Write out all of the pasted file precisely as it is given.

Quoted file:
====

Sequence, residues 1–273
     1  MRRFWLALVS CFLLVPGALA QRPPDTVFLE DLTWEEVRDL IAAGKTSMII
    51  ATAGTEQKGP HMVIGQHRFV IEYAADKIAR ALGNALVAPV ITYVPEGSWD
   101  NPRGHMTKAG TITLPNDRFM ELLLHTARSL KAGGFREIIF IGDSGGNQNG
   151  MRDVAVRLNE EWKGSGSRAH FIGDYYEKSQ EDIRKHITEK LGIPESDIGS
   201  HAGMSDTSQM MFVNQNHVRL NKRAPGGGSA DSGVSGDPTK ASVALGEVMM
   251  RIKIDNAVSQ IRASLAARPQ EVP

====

Sequence, residues 1–273
     1  MRRFWLALVS CFLLVPGALA QRPPDTVFLE DLTWEEVRDL IAAGKTSMII
    51  ATAGTEQKGP HMVIGQHRFV IEYAADKIAR ALGNALVAPV ITYVPEGSWD
   101  NPRGHMTKAG TITLPNDRFM ELLLHTARSL KAGGFREIIF IGDSGGNQNG
   151  MRDVAVRLNE EWKGSGSRAH FIGDYYEKSQ EDIRKHITEK LGIPESDIGS
   201  HAGMSDTSQM MFVNQNHVRL NKRAPGGGSA DSGVSGDPTK ASVALGEVMM
   251  RIKIDNAVSQ IRASLAARPQ EVP